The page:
Prospective Observational Studies: Whether, When and How to Use

Prof Adrian Towse Prof Towse


OHE’s Adrian Towse is co-author on the recent report by the ISPOR Good Research Practices Task Force on assessing comparative effectiveness using prospective observational studies.

The demand for comparative data, and in real-world conditions, will only increase as both public and private payers seek to ensure that the use of medical technologies is as cost-effective as possible.  At the same time, however, timely access to new treatments  remains crucial.  For a number of very practical reasons, it is infeasible to rely primarily on randomised clinical trails (RCTs) for comparative effectiveness data.  This clearly is recognised by policy makers in many arrangements for “coverage with evidence development” or “risk sharing”, for example. Moreover, as the report notes, “Generating evidence about new pharmaceuticals, including biological entities, is increasingly being seen as an activity that occurs throughout  the entire product life cycle, rather than pre-launch for a one-off ‘at-launch’ review”.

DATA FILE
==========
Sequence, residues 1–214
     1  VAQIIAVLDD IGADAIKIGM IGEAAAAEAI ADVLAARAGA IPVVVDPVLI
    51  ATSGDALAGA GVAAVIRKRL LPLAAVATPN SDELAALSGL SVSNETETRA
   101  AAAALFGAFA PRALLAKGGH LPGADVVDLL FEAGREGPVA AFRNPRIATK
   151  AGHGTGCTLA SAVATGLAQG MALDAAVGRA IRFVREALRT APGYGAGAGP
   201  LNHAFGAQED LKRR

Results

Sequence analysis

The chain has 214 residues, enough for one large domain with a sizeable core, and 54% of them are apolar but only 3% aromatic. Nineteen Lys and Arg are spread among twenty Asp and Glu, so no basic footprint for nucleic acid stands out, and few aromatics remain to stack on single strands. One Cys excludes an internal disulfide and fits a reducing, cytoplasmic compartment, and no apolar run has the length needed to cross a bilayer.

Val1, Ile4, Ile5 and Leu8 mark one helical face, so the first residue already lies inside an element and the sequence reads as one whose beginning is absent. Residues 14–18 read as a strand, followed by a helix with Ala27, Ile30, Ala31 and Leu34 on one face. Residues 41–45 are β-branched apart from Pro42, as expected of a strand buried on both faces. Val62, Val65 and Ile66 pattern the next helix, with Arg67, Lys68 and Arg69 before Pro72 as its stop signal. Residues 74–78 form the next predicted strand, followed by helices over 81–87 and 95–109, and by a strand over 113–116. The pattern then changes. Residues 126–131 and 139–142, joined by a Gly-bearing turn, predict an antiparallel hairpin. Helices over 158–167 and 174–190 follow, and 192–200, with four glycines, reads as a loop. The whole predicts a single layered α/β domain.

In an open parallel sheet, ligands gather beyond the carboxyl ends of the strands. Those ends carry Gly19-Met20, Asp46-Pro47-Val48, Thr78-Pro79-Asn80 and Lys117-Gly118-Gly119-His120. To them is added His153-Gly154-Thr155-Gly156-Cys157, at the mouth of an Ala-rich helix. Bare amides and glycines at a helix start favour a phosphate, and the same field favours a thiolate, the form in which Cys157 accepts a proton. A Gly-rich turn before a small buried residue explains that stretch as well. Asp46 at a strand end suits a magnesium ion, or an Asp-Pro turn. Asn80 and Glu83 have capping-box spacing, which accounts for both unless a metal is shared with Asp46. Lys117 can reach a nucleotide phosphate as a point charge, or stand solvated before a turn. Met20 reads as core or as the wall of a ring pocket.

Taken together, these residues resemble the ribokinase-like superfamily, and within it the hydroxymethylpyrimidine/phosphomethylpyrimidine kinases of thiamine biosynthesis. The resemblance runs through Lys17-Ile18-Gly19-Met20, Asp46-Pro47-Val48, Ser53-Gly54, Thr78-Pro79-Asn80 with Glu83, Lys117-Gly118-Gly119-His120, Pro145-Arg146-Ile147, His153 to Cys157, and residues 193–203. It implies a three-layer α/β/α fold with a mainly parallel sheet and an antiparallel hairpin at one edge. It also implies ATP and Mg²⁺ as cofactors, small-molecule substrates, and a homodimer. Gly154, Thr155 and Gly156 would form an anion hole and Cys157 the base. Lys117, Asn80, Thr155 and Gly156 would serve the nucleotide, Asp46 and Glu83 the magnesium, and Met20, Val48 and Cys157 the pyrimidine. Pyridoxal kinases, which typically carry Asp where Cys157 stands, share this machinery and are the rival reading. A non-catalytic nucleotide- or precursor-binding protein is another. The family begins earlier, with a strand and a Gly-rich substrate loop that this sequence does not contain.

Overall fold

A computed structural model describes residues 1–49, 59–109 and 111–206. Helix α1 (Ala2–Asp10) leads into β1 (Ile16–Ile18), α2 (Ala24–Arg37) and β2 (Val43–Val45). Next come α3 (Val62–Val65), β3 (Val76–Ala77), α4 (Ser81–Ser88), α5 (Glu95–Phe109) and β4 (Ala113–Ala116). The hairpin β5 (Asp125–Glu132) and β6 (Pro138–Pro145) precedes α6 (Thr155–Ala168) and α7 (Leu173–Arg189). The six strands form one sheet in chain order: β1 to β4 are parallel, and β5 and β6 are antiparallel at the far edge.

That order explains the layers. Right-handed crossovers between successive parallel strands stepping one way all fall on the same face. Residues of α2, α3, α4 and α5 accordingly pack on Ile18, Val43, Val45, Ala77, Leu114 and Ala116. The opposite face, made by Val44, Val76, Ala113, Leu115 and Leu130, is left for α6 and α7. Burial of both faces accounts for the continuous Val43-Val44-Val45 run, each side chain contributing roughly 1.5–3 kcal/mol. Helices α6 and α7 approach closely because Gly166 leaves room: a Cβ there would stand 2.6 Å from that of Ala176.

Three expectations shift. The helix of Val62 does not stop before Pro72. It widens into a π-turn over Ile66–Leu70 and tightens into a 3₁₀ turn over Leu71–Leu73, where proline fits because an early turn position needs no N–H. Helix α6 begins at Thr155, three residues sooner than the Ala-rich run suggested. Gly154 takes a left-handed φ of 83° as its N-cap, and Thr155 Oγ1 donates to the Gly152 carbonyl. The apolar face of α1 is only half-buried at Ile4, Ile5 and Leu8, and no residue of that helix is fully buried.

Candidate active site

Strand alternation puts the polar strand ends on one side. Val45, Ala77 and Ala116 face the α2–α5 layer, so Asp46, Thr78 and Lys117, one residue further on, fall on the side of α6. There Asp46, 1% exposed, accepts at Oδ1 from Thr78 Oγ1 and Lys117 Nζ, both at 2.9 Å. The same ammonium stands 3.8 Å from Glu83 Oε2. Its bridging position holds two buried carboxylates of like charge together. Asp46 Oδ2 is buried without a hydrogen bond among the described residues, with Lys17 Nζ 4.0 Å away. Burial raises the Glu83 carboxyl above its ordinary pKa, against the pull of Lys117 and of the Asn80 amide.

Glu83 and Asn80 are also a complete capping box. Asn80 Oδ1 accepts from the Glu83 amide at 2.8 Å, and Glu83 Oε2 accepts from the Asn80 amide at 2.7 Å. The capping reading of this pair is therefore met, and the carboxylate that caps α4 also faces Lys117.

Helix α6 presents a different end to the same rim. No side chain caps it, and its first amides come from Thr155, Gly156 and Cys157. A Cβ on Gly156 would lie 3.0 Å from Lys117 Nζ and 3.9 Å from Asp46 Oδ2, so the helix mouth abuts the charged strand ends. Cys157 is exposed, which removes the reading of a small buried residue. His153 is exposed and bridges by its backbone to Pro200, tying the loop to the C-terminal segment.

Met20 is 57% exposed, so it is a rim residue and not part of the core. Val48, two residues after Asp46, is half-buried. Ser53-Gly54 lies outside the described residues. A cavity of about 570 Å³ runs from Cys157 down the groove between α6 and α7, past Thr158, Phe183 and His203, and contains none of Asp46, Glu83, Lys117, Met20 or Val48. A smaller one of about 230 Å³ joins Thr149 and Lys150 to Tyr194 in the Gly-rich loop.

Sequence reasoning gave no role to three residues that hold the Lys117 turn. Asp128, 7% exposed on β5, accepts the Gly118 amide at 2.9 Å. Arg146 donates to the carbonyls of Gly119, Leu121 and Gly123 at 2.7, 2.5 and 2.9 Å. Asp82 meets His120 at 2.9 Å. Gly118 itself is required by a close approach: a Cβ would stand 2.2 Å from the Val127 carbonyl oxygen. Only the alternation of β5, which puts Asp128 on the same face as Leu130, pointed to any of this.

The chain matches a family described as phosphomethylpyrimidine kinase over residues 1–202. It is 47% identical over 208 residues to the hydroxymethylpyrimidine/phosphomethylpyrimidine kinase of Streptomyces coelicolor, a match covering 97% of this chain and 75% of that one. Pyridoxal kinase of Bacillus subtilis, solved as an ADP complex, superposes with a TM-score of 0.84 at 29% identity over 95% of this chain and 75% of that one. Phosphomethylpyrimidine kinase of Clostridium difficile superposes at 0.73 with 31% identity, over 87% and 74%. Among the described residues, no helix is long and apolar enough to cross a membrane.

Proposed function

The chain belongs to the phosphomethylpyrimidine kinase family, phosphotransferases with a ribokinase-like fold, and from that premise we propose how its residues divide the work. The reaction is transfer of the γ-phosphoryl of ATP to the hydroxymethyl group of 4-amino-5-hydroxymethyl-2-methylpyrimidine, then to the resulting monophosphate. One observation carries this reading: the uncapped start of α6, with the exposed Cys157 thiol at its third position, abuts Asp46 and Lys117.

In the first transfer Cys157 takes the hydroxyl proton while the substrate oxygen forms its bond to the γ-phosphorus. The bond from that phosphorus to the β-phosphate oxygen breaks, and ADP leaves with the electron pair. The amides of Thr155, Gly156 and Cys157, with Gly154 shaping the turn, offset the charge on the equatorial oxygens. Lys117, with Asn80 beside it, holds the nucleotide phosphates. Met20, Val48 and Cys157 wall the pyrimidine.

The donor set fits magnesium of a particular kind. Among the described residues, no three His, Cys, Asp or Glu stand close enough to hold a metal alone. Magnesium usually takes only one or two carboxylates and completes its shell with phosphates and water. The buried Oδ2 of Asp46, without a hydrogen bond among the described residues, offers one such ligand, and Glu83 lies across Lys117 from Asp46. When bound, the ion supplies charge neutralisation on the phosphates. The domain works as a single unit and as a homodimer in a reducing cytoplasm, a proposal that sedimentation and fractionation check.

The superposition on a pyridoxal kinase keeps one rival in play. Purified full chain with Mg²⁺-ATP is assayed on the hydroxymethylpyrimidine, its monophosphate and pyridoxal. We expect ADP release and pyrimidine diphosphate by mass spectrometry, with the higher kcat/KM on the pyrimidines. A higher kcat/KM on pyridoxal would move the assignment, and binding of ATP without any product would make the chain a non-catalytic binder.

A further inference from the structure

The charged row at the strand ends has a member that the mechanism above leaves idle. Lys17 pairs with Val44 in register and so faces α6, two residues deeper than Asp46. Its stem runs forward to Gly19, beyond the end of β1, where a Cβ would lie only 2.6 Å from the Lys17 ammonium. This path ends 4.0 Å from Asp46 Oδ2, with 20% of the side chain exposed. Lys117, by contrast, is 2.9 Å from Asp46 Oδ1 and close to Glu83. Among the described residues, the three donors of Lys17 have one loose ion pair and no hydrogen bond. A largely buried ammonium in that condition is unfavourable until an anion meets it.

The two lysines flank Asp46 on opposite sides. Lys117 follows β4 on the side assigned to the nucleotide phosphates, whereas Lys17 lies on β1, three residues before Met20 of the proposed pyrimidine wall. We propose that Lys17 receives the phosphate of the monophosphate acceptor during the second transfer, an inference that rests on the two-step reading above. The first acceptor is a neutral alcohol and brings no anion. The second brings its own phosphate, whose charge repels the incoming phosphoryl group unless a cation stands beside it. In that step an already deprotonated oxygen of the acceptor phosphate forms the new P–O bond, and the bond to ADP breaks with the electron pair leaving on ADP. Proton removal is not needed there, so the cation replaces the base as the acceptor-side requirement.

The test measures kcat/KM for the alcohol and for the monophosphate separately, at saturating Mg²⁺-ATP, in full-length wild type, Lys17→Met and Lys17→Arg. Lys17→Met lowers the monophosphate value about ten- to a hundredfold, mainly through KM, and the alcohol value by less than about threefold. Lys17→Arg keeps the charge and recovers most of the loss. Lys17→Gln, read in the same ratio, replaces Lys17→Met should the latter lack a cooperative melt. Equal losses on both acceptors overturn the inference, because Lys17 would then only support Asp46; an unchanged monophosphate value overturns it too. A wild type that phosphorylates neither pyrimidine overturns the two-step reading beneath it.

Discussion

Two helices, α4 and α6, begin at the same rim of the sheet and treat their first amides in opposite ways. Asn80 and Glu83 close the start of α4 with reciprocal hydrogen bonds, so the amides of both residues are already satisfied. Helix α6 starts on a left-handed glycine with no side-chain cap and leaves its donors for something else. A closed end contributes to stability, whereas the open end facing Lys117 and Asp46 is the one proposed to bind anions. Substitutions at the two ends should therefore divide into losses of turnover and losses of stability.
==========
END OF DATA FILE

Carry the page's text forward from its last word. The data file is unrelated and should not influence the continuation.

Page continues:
Prospective observational studies as an alternative to RCTs, post-launch, are the primary focus of this ISPOR Task Force Report.  It examines in depth whether, when and how this approach reasonably may be used.  A detailed recounting of the critical issues involved in designing, conducting and reporting such research is accompanied by solid recommendations for addressing them.

The report is available for download from the ISPOR website.

Berger, M.L., Dreyer, N., Anderson, F., Towse, A., Sedrakyan, A. and Normand, S-L. (2012) Prospective observational studies to assess comparative effectiveness:  The ISPOR Good Research Practices Task Force report. Value in Health. 15, 217-230. Available at [Accessed 15 June 2012].

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